The Return

 This is me in San Francisco, 1979, after Frank and I had returned from our “honeymoon” period in Santa Barbara.

 I decided we should go back to S.F. after a monstrous thunderstorm caused a flood of rain water to pour through the central light fixture in our ceiling. Our cozy little room on the Pacific Coast Highway was flooded out.

The landlord said we could stay in another room down the hall. It had just been repainted and freshened up after the former tenant, an elderly male, died there of Cancer.

We stayed there a few nights but it wasn’t the sunny corner spot our room had been. I couldn’t handle it. Hey, I’m very sensitive to spiritual detritus.

Besides, I had grown restless and used the torrential downpour as an excuse to beat it. It seems I have always used psychic or physical disasters as a reason to change venues.

There is quite the spiritual patina in San Francisco. I can always feel layers and layers of lives lived in those old buildings. It was like I was constanly picking up on this low level hum. 

I asked Frank to pose in front of the poster of Jim Morrison we had in our room. You can tell he’s a little perturbed.

This time in San Francisco Frank and I joined a fresh communal living experience. We moved into an old Victorian home on Waller Street not far from Market Street. One of Frank’s best friends, Steven Durkee, lived there and had told Frank about the extra room while we were still in S.B.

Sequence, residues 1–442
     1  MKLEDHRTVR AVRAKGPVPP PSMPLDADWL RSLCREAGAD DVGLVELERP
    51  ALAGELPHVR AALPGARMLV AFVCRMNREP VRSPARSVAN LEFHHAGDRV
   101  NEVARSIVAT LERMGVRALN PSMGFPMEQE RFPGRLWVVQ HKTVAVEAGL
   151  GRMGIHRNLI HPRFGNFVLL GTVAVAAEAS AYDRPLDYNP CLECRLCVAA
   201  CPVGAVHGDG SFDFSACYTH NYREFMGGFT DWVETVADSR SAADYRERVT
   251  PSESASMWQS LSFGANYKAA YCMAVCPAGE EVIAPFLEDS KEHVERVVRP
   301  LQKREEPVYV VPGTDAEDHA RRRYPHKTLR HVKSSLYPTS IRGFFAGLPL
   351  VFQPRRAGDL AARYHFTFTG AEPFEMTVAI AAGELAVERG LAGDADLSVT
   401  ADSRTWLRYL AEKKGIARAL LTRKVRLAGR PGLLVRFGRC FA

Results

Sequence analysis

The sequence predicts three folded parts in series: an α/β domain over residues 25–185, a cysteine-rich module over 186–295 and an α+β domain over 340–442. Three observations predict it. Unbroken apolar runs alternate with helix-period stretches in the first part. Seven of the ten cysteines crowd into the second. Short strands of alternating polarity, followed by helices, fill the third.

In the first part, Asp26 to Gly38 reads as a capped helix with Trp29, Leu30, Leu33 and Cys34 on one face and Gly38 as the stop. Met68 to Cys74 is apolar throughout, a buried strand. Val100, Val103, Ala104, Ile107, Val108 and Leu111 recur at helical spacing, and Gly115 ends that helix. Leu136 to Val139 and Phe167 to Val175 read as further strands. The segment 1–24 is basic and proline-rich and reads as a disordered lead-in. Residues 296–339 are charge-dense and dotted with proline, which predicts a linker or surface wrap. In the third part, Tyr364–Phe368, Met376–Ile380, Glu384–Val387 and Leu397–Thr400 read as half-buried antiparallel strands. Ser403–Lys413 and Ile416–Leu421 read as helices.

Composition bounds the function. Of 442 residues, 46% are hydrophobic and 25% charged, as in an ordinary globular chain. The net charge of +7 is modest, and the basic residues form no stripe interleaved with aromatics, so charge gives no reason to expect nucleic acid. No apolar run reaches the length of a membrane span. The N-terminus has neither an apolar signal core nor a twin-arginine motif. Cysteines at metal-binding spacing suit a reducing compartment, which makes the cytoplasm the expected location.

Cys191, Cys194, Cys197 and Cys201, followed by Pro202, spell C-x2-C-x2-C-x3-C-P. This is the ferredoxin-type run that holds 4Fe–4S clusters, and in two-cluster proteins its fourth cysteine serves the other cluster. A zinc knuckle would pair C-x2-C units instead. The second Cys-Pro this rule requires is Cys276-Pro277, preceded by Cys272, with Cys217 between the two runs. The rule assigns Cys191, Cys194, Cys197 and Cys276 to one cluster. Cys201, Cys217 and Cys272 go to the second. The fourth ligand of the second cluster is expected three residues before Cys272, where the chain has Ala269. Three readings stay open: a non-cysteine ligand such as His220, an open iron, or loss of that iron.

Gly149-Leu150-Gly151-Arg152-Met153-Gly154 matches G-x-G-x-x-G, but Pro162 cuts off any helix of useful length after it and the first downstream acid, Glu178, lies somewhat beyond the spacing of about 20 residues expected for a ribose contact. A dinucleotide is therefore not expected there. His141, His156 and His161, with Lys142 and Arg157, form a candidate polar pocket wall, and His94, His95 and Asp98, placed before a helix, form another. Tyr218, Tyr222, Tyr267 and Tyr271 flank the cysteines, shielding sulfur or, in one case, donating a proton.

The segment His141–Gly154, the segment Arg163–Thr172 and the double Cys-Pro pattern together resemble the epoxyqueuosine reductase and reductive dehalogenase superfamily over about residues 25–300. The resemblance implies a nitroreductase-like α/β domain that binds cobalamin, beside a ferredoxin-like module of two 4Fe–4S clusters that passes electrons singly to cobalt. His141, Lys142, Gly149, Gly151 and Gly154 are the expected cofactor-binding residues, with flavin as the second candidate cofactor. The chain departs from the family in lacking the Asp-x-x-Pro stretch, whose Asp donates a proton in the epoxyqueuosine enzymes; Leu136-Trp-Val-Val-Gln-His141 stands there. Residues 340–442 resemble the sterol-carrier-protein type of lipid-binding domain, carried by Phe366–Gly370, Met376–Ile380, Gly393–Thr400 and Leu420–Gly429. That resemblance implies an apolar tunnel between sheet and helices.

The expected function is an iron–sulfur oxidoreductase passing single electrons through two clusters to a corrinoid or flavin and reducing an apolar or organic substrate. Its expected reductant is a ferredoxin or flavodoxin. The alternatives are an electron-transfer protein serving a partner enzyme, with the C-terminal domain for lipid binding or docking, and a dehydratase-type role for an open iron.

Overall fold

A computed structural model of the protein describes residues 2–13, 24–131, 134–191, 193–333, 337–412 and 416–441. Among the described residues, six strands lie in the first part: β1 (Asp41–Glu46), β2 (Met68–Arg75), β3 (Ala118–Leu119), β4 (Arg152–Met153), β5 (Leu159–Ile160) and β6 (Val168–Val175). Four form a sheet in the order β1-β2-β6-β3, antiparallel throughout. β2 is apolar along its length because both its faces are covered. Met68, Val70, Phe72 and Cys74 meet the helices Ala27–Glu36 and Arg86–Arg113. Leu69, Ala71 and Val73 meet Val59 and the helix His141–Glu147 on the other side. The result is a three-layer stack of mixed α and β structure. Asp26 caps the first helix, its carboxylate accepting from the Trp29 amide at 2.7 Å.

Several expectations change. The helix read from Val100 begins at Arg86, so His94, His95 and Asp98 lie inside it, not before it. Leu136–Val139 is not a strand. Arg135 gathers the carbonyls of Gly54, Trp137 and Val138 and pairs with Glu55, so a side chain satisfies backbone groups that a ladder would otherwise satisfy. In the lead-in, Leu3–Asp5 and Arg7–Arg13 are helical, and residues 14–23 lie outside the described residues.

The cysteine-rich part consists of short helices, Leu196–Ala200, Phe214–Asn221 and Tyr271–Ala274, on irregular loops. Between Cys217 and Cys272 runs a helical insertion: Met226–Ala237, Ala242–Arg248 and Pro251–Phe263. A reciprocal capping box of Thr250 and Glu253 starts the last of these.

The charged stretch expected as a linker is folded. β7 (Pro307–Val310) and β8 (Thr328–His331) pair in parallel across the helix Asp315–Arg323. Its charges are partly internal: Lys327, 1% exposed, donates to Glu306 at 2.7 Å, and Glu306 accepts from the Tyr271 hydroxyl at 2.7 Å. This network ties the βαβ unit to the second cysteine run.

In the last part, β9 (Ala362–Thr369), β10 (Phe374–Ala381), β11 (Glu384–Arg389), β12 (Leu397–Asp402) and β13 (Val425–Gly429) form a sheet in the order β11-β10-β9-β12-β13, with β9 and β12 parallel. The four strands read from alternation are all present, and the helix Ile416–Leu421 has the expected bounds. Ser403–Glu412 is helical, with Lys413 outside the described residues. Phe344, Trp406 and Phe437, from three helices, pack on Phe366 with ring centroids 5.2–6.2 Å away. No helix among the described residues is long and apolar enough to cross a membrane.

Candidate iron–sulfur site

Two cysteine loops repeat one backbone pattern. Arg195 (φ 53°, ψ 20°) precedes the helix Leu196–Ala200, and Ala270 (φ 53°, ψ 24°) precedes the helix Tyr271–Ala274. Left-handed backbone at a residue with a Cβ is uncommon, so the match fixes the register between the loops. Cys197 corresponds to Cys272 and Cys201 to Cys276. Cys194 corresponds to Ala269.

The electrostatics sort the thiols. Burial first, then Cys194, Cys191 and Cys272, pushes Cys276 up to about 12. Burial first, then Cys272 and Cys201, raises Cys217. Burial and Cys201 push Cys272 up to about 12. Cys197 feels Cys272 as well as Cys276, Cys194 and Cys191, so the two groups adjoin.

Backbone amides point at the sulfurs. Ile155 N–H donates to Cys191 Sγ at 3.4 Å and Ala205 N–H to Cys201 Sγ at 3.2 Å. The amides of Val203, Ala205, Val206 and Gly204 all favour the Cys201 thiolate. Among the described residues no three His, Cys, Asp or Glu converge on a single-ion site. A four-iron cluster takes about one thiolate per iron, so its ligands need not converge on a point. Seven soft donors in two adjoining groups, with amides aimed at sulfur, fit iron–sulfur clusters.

Steven was smart, sweet, funny, brutally honest and possessed of an old soul.  We got along famously, probably because of our shared moon in Scorpio placement.

This is Steven’s boyfriend, David Brunson. He spent alot of his time in Mexico but had come up be with Steven for a spell. Here is Frank with our big-daddy host, John.

Frank has on his lovely faded gaberdine jacket. I think we found this in a thrift store in Santa Barbara, a great old shop on the west end of State Street. You’d never find one there now. I’m sure store front rent is far too expensive these days.

I’m not sure what John is writing but it looks like a big, hairy reminder of something like a cardinal rule.

I think you can see my bra hanging from the hook on the closet door behind John, scarves too, and a pair of black gloves. Hmmm. Maybe the cardinal rule was keep your closet door closed.

Our little corner of the house overlooked Waller Street.

 Our wordly goods were few. The better to quickly change venues. Money was scarce though I soon got a job as a file clerk in an insurance agency downtown.

The best part of that gig was getting there. I looked forward to the trip down Market Street each morning in a green bullet-shaped car. Out at Third Street and up to Grant to the Cafe Trieste and a very stimulating cafe latte.

“Ciao, Bella! Cafe latte?,” asked the lovely barista.

“Yes,” said I, double thrilled to be greeted so warmly and to have become a regular.